Fixing Your Broken Washing Machine

A broken washing machine is a major problem. As soon as something goes wrong, a supernatural force will compel your kids to run to the nearest pile of dirt and play for hours, burying you under Mt. Washmore with no way to escape. Here’s how you can get your machine back into operation and begin conquering that pile of dirty garments.

Make A Proper Diagnosis

The first thing to remember is that you don’t necessarily need a new washing machine. You may not even need to pay someone to do the repairs. Like a car with a dead battery, a washing machine with one simple problem is unusable but easy to repair. The most important thing is to identify the issue correctly so that you don’t waste time and money fixing what ain’t broke.

There are plenty of online sources for troubleshooting your washing machine, many of which include photos and videos. One tip, though: Check at least two different sources. This may come as a shock, but not everybody who posts advice on the internet knows what they’re talking about.

Locate a Parts Source

Some washer breakdowns can be corrected with adjustments, but more than likely you’ll need some parts to repair a washing machine. This can get tricky because there are countless makes and models out there, each with dozens of components to sort through.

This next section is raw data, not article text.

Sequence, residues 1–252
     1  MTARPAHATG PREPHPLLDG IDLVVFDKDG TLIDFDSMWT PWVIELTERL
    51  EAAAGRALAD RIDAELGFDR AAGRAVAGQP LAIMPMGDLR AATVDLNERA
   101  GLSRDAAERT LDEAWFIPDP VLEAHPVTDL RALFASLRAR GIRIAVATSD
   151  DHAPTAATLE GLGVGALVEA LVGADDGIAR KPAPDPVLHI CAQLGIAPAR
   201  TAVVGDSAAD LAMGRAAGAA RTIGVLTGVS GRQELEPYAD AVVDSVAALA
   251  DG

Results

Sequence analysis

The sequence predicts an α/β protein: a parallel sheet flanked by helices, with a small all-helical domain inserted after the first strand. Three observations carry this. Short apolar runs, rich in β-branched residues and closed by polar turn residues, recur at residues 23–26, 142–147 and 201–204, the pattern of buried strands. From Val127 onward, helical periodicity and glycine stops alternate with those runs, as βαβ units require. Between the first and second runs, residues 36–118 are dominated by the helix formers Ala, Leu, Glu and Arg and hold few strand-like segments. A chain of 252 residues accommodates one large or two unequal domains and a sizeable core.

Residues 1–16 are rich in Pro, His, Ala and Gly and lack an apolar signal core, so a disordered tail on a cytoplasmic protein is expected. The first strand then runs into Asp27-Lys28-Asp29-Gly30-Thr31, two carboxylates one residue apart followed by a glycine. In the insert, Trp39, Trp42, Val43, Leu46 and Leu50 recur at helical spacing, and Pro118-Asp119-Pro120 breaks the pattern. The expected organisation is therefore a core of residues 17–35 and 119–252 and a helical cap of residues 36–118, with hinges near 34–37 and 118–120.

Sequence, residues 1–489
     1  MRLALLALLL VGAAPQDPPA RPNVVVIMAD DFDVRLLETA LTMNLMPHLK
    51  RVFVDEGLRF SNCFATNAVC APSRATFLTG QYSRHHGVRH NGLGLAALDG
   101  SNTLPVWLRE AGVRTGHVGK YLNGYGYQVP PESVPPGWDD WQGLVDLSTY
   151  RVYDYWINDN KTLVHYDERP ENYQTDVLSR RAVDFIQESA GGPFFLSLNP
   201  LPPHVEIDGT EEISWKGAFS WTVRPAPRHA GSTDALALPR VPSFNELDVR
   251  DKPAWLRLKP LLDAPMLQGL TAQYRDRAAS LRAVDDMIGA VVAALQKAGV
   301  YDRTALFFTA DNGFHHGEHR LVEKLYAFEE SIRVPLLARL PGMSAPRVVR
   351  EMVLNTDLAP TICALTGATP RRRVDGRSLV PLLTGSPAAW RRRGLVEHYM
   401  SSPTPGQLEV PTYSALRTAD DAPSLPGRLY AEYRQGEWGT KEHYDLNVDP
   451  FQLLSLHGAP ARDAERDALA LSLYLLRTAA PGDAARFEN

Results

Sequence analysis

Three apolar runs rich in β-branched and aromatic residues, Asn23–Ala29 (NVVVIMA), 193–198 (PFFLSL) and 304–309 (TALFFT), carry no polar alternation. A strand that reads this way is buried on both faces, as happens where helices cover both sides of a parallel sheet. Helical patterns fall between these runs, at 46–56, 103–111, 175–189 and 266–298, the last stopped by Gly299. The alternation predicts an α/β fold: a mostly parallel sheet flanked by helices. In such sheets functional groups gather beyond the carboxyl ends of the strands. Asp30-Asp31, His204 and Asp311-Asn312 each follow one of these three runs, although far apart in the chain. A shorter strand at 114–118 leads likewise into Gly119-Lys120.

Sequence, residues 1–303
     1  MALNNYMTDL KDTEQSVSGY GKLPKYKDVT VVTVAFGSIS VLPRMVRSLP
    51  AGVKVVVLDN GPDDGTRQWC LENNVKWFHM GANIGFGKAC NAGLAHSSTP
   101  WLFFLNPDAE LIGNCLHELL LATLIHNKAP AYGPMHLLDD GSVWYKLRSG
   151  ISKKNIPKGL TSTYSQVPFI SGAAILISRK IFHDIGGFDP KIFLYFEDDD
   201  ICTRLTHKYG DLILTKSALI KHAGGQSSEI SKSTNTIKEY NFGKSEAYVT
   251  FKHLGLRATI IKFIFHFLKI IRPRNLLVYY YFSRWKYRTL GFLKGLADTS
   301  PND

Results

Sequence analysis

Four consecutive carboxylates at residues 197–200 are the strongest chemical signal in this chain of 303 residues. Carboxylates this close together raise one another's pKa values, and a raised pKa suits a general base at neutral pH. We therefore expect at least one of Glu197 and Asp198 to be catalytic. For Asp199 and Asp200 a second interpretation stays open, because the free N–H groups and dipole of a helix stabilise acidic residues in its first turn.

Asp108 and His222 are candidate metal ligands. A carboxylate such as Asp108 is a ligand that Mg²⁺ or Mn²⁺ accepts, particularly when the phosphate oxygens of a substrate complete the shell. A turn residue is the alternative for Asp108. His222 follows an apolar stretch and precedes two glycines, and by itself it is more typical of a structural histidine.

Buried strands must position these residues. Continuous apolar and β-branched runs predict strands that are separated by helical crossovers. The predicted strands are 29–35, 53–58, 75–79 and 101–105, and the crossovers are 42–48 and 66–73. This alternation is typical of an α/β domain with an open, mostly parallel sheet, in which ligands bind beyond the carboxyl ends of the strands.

This could end up being the most time-consuming part of the repair, but it’s usually easier if you can remove the troublesome part to view part numbers and take measurements. If you’re torn between two different models, buy both if the store’s return policy permits. Once you get the real part in your hand, you’ll be able to compare it to the old one. Just don’t install it if you aren’t sure it will fit. This could make it impossible to return it.

Install Properly and Carefully

Now it’s time to stop stalling and start installing. Gather all your information, including paperwork included with your parts to repair a washing machine, guides you’ve found online, and your washer’s owner’s manual. If you’ve followed consumer tradition and lost the manual, you can probably find one online. It’s worth the effort because it may include an exploded diagram of your washer, reducing the odds that your brain will explode.

You’ll also need the appropriate tools for installation. Do this right. If you only have adjustable wrenches, leave them in the toolbox and ask a grownup if you can borrow real crescent wrenches or sockets. If you strip just one nut, the whole project could be wrecked, and Mt. Washmore may erupt. Follow the installation steps carefully, reassemble your washer, and try it out.

An out-of-commission washing machine is a huge hassle. Repairing it yourself can save a lot of time and money, but you have to do it right. That means getting the correct diagnosis, buying the right parts, and installing them correctly. If you’ll follow this plan, you’ll rinse away your problems much faster.